working on the same grammars.

The only interesting pathological case I know about is a COBOL grammar

from PCYACC (TM of ABRAXAS SOFTWARE). There, MUSKOX algorithm reached the

limit of 90Mbytes and then stopped since there were no virtual memory

left. However, MUSKOX can calculate lookaheads without splitting the

paths, and it occurred that the lookaheads are different for the original

LR0 automaton, so the grammar had no reduce/ reduce conflicts.

6. Acknowledgments

My sincere thanks to Gray Clossman and John Weisz who have carefully

read this note and suggested improvements in the presentation.

REFERENCES

[1] Boris Burshteyn. "Muskox - a Tool for Object Oriented Design and

Programming" ftp from <iecc.com:pub/file/muskox.ps.gz>, or email <send

muskok.uu> to <compilers-server@iecc.com>.

[2] David Spector. "Efficient Full LR(1) Parser Generation" SIGPLAN

NOTICES, V. 23 N. 12 1988 (143-150).

[3] A.V. Aho, R. Sethi, J. D. Ullman. "Compilers, Principles, Techniques,

and Tools" Addison Wesley 1986.

Appendix

Here we present some annotated class definitions used in MUSKOX algorithm.

These classes implement states of the parsing automaton and operations

involved in the construction of the automaton, splitting paths,

calculating lookaheads, etc. The main inheritance hierarchy implements

states with no reductions (simpleState), final states with no transitions

(finalState), and final states with transitions (fullState). Class

protoState contains members common to all the states. Class 'edges'

implements transitions between the states.

Please note that these are not all the classes used in MUSKOX code. The

information presented just gives a flavor on C++ features used in the

implementation. For example, one can see how data and function members are

reused, and how some of the member-functions are redefined in the derived

classes.

//

// state transitions

//

class edges : virtual public memAlloc

{

public:

int Counter; // # of outgoing edges

int Free; // # of free slots in Edges

protoState **Edges; // pointer to the array of outgoing edges

. . .

*};*

//

// common members to all states

//

class protoState : public proto

{

public:

token *In; // name of the incoming edges

edges InEdges; // incoming edges

superState *SuperState; // this state is a superstate

tokens **LookAheads; // lookahead tokens

protoState *Trace; // trace path during NFA traversing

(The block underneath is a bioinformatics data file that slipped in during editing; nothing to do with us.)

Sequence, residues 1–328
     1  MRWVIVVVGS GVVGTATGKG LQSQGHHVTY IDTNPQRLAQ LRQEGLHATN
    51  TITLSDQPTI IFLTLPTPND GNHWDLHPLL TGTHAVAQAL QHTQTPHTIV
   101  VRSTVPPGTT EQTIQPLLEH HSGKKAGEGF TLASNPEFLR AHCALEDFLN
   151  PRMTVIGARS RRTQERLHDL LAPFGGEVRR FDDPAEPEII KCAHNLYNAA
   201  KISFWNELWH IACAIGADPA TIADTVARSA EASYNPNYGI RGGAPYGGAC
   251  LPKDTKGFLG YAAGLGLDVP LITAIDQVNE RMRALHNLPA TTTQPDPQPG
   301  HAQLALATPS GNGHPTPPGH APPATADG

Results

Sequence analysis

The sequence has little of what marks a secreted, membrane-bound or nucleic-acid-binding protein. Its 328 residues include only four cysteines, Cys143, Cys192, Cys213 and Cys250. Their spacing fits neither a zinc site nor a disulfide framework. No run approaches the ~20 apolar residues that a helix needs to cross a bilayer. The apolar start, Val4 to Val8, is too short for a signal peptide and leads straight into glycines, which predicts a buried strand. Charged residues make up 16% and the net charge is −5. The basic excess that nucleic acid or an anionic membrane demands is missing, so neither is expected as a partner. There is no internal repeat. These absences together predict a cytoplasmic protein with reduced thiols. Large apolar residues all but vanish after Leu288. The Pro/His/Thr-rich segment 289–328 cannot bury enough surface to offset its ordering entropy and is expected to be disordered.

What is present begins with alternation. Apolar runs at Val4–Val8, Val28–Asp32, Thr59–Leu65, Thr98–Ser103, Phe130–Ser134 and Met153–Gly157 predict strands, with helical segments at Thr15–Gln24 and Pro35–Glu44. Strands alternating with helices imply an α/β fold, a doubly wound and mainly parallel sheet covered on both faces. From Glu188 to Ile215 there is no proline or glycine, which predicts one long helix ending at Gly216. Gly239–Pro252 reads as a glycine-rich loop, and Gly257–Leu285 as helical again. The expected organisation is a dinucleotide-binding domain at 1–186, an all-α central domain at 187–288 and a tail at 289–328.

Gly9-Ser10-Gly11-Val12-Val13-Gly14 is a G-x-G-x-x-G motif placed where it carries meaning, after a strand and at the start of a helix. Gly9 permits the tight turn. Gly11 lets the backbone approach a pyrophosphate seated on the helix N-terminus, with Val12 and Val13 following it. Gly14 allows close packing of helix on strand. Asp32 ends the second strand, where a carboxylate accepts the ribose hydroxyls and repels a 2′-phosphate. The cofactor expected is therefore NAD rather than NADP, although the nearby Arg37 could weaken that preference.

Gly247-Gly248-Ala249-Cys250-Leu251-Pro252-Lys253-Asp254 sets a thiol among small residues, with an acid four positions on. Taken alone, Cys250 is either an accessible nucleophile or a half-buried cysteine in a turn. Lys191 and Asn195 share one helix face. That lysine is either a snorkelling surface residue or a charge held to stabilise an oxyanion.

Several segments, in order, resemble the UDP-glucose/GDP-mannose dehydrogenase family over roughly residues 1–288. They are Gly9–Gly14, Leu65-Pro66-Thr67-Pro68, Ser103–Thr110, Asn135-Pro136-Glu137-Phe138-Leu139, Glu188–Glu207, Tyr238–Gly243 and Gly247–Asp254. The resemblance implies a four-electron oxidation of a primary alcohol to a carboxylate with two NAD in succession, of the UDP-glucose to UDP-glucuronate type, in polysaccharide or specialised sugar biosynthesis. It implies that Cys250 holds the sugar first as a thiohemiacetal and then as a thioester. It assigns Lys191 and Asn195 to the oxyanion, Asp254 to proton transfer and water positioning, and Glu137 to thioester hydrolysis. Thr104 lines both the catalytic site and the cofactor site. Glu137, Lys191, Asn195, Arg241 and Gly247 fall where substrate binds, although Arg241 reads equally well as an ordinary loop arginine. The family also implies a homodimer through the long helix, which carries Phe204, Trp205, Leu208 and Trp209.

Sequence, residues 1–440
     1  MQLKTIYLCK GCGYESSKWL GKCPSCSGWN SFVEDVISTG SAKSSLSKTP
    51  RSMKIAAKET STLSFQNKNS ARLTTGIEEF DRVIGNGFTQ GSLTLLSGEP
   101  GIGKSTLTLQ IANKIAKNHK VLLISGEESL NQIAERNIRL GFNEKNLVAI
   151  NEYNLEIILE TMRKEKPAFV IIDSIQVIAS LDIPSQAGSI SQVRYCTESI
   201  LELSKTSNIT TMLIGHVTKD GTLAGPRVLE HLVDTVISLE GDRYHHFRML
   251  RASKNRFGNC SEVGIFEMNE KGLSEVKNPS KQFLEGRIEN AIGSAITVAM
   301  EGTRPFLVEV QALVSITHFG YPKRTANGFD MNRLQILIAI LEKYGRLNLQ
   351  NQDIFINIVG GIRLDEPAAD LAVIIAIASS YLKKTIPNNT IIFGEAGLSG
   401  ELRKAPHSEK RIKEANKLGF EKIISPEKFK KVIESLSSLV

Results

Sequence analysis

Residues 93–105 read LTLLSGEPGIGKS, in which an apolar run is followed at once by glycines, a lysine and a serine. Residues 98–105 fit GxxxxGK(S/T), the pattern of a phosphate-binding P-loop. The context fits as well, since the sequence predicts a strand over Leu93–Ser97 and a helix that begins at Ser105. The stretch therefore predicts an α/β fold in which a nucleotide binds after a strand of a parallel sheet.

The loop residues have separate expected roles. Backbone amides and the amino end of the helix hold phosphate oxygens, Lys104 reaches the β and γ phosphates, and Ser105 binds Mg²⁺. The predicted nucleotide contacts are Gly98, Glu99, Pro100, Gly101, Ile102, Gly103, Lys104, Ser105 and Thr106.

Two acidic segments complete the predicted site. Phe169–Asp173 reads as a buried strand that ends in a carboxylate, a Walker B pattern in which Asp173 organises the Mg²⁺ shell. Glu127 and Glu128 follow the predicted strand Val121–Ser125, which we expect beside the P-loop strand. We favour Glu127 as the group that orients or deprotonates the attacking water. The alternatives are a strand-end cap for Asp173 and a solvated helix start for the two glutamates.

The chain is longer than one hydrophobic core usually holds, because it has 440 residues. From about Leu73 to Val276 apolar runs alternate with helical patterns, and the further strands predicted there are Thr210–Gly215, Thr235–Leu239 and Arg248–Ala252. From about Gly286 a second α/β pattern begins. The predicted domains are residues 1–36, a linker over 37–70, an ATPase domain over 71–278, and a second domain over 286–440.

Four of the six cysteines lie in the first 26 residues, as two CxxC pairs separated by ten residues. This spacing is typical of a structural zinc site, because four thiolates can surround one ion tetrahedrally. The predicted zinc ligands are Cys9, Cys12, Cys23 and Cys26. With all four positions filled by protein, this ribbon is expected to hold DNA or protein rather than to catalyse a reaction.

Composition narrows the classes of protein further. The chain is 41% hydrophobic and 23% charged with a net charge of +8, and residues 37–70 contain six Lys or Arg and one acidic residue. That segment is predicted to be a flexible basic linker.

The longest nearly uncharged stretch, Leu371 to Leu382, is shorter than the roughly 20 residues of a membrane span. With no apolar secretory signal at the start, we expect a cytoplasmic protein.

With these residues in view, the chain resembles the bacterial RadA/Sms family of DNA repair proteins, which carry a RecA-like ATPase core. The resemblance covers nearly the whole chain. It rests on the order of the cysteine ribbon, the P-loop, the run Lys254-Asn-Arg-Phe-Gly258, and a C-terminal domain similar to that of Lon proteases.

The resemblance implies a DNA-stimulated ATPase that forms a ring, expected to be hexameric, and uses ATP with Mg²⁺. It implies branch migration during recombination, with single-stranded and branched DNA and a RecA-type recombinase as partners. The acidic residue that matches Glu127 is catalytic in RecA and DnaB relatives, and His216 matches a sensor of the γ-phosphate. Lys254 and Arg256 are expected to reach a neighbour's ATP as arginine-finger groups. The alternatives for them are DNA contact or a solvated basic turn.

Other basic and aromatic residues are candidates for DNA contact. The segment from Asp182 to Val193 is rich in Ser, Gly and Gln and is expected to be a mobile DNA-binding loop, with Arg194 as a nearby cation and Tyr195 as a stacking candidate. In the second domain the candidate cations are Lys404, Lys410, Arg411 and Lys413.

virtual void SplitPaths(protoState **){}

void SplitPathBackwards(recordPath *, protoState **);

protoState *FindPaths(int, int *, protoState *, int);

virtual void GatherUnitedLookAhead(long, int){}

virtual int EnumerateLookAheads() { return 0; }

virtual void MoveLookAheads(token ***){}

virtual void ResolveConflicts() {}

void MergeWith(protoState *);

. . .

*};*

//

// lookaheads

//

class tokens : public virtual memAlloc

{

public:

int Counter; // # of lookaheads

token **Tokens; // array of tokens

tokens *Link; // link to the next set of tokens

. . .

*};*

//

// record a state after reduction, then goto

//

class reduceAndGoto : public memAlloc

{

public:

edges *Reduce; // states after reduce

edges *Goto; // states to goto after reduce

tokens *LookAhead; // lookahead set for this reduce and goto

. . .

*};*

//

// classes for conflicts

//

enum conflictType

{

SHIFTREDUCE_,

REDUCEREDUCE_

*};*

class conflictTokens : public memAlloc

{

public:

token *Token;

conflictType ConfType;

conflictTokens *Next;

. . .

*};*

//

// reduction for a particular rule

//

class reduction : public memAlloc

{

public:

int Reduce; // # of stack elements to reduce

nonTerminal *Goto; // goto after reduce

reduceAndGoto **Paths; // states to reduce in the case of conflicts

// (array of InEdges.Counter elements)

tokens *LookAhead;// all lookaheads united from Paths

assoc *Assoc; // associativity and precedence of the rule

conflictTokens *Conflict; // shif/reduce or reduce/reduce lookaheads

action *Action; // action list to execute before reduction

void GatherLookAhead(long, int);

void UniteLookAheads(int);

. . .

*};*

//

// all reductions for a final or full state

//

class reductions : public virtual memAlloc

{

public:

int Counter; // # of reductions

reduction *Reductions; // pointer to the array of reductions

void CreatePaths(protoState *, int);

void GatherUnitedLookAhead_(protoState *, long, int);

void SplitPaths_(protoState *, protoState **);

void ResolveConflicts_(squezeColumn *);

void ResolveConflicts_();

. . .

*};*

//

// state with no rules

//

class simpleState : public protoState, public edges

{

public:

simpleState(token *t, int e) : protoState(t), edges(e){};

simpleState() : protoState(), edges(){};

virtual tokenType Type() { return SIMPLESTATE_; }

virtual void GatherUnitedLookAhead(long, int){};

virtual int EnumerateLookAheads() { return EnumerateLookAheads_(); }

virtual void MoveLookAheads(register token ***t) { MoveLookAheads_(t); }

virtual void CutOutEdges();

. . .

*};*

//

// final state with rules and transitions

//

class fullState : public simpleState, public reductions

{

public:

virtual tokenType Type() { return FULLSTATE_; }

virtual void SplitPaths(protoState **);

virtual void GatherUnitedLookAhead(long, int);

virtual int EnumerateLookAheads() { return EnumerateLookAheads_(); }

virtual void MoveLookAheads(register token ***t) { MoveLookAheads_(t); }

virtual void ResolveConflicts();

. . .

*};*

//

// final state with no transitions

//

class finalState : public protoState, public reductions

{

public:

tokens *UnitedLookAhead;

virtual tokenType Type() { return FINALSTATE_; }

virtual void SplitPaths(protoState **);

virtual void GatherUnitedLookAhead(long, int);

virtual int EnumerateLookAheads() { return 0; }

virtual void MoveLookAheads(register token ***) {}

virtual void ResolveConflicts();

. . .

*};*